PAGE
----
Tuesday, June 26, 2007

Pretenders To A Putative Presidency

After a long time, the debate on a republican Nepal has advanced a notch up. CPN-Maoist chairman Prachanda has intimated his desire to become the first president of Nepal in two years with a resounding popular mandate.
In a wide-ranging television interview with Indian journalist Karan Thapar, the Maoist supremo gave some insights into the ex-rebels’ foreign policy. Special relations with India would be refined by equiproximity to China. In the afterglow of his meeting with former US president Jimmy Carter, Prachanda doesn’t sound terribly excited about keeping the Americans out of the country.
For Nepali Congress general secretary Ram Chandra Poudel, the Maoist supremo is living in a fool’s paradise. By dint of his “character,” Prachanda is unfit for the presidency, Poudel says.
Now, Poudel’s riposte is revealing on several counts. As Peace Minister, he doesn’t want to be distracted by a premature jockeying for power. Persistent doubts about the Maoists’ commitment to multiparty democracy are enough to keep us a nation of skeptics for a lifetime.
More importantly, half the country still seems to favor some kind of monarchy, most opinion polls show. A far greater proportion of Nepalis, moreover, find it hard to believe that constituent assembly elections can be held on November 22 in order to make final decision on the future of the crown.
As for the interim constitution now empowering the interim legislature to abolish the monarchy, should the palace “conspire” to “subvert” the elections, well, both terms contain pretty broad connotations to permit easy consensus.
Poudel has a personal motive here as well. Within the Nepali Congress leadership, he remains the most outspokenly republican leader. He is by no means in the league of Narhari Acharya or Gagan Thapa, but, then, who really envisages either of them as president. Amid the Maoists’ multifrontal onslaught, Poudel believes the Nepali Congress will push for a republic at a convenient time.
When Prachanda seemed ready to accept Prime Minister Girija Prasad Koirala as president during the early months of the nascent peace process, things were okay with Poudel. After the two men fell out, Poudel wasn’t terribly upset, either. Now Prachanda assiduously lays claim to the presidency, the offense that can’t go unchallenged.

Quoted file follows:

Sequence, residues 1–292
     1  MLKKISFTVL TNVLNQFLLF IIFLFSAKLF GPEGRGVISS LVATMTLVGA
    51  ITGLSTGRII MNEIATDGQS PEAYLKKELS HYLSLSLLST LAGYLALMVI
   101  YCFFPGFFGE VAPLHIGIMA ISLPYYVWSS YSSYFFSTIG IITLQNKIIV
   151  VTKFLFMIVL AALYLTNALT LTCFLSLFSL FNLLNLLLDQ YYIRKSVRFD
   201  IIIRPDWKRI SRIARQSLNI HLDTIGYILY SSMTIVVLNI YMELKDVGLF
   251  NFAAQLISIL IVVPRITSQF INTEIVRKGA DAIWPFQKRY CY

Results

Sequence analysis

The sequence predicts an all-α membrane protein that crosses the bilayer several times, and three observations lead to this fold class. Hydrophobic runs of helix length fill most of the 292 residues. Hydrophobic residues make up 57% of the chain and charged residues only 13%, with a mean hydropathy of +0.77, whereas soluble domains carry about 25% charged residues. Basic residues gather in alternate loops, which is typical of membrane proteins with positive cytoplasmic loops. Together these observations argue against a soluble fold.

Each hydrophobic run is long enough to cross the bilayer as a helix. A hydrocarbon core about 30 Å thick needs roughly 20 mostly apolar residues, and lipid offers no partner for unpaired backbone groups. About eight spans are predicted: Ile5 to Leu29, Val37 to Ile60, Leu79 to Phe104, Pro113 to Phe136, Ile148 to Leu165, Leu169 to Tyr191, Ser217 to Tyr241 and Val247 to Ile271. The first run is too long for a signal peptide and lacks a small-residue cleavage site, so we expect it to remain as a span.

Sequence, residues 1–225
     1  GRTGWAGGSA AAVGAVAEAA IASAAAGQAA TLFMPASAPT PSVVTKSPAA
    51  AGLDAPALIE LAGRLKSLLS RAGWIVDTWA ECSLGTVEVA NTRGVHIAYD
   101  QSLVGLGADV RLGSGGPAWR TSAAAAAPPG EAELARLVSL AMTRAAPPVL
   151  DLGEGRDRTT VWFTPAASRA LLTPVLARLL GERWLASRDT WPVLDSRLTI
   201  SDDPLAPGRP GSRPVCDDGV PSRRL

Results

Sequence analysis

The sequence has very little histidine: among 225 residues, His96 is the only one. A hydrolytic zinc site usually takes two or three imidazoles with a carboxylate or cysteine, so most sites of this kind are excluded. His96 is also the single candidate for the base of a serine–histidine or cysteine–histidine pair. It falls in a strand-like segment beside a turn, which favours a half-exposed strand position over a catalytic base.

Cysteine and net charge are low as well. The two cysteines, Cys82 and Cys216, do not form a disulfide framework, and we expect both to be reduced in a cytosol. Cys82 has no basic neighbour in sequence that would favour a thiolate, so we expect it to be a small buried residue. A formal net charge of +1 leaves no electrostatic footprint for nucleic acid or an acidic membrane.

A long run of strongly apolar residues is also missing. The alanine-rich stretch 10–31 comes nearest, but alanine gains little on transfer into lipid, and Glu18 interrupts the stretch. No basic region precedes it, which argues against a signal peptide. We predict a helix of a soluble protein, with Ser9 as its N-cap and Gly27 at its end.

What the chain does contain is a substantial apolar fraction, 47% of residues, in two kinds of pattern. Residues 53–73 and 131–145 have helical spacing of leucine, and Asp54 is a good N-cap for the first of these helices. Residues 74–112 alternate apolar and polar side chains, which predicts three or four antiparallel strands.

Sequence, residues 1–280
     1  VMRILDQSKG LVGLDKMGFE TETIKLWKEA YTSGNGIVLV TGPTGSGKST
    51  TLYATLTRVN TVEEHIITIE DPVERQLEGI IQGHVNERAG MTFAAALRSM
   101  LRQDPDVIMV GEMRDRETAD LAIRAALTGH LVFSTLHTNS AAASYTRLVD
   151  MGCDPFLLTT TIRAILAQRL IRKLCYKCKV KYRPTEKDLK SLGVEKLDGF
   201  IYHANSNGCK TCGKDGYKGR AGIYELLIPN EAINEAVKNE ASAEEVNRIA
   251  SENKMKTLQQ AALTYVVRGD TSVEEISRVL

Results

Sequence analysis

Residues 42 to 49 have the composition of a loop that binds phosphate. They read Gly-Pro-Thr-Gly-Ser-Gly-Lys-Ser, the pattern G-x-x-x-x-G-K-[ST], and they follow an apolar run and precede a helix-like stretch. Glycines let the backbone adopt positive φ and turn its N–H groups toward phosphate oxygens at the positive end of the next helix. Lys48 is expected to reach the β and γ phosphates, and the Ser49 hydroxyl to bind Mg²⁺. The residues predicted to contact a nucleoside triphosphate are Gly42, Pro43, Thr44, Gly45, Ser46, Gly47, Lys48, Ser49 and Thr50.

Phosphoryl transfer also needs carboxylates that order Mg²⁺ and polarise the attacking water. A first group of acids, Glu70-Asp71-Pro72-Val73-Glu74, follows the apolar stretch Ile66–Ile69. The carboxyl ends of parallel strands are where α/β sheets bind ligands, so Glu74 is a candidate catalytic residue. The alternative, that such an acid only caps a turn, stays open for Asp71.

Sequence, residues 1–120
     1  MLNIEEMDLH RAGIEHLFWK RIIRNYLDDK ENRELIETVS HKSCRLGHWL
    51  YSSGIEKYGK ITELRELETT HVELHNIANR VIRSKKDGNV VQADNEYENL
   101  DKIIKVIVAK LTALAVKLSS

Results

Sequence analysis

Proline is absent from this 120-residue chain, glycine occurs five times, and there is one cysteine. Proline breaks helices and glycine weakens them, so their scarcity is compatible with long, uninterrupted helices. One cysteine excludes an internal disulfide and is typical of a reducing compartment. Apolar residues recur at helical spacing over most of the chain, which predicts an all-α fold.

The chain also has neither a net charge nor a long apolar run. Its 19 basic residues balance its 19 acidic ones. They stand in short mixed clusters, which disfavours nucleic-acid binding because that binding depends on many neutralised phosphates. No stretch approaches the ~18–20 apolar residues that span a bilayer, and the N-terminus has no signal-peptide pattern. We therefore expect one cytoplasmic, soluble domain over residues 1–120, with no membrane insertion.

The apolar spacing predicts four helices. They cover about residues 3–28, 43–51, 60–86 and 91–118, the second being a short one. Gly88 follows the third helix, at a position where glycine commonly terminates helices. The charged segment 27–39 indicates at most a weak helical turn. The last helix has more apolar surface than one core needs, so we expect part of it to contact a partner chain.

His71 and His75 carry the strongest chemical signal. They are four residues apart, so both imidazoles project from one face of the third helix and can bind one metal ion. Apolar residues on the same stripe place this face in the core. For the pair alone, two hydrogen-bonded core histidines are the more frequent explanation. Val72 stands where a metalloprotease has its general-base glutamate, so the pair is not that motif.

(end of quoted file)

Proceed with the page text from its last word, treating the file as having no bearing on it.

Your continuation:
The Young Communist League (YCL) has come in handy. Thugs these men and women are. But ones that helped catapult Koirala to the premiership. Without the YCL in its previous incarnation, the Seven Party Alliance would probably still be working out the post-monsoon umpteenth phase of the anti-regression struggle.
It’s not for nothing that Kamal Thapa, King Gyanendra’s home minister, can muster such conviction when speaking in defense of the monarchy.
Clearly, Poudel sees himself as the first president of Nepal. Come on, who but the Nepali Congress has the international legitimacy to steer a tiny republic squeezed between two giant ones?
Moreover, Sher Bahadur Deuba, Shailaja Acharya, Sushil Koirala, Sujata Koirala – everybody else has a history of appeasing the palace one way or the other.
As deputy prime minister during the Narayanhity Massacre, Poudel didn’t shy away from publicly referring to a nexus between the new king’s old residence and the Maoists.
After King Gyanendra’s takeover, Poudel challenged the conventional wisdom that King Birendra was the model constitutional monarch the rest of the country made him out to be.
Referring to a comment he overheard in a gathering where he happened to be the only non-royal present, Poudel insisted the late monarch had never reconciled himself with multiparty democracy.
Many long-time observers like to credit Poudel with steering the anti-Mao protests under King Mahendra and the anti-Zia-ul Haq protests in 1979 into full-blown democracy movements.
With this carefully built public record under assault from a late-comer still cashing in on decades of obscurity, Poudel was bound to react.
As for the wisdom of a nasty public squabble over a job that hasn’t even been created, it’s entirely consistent with the general direction of our politics.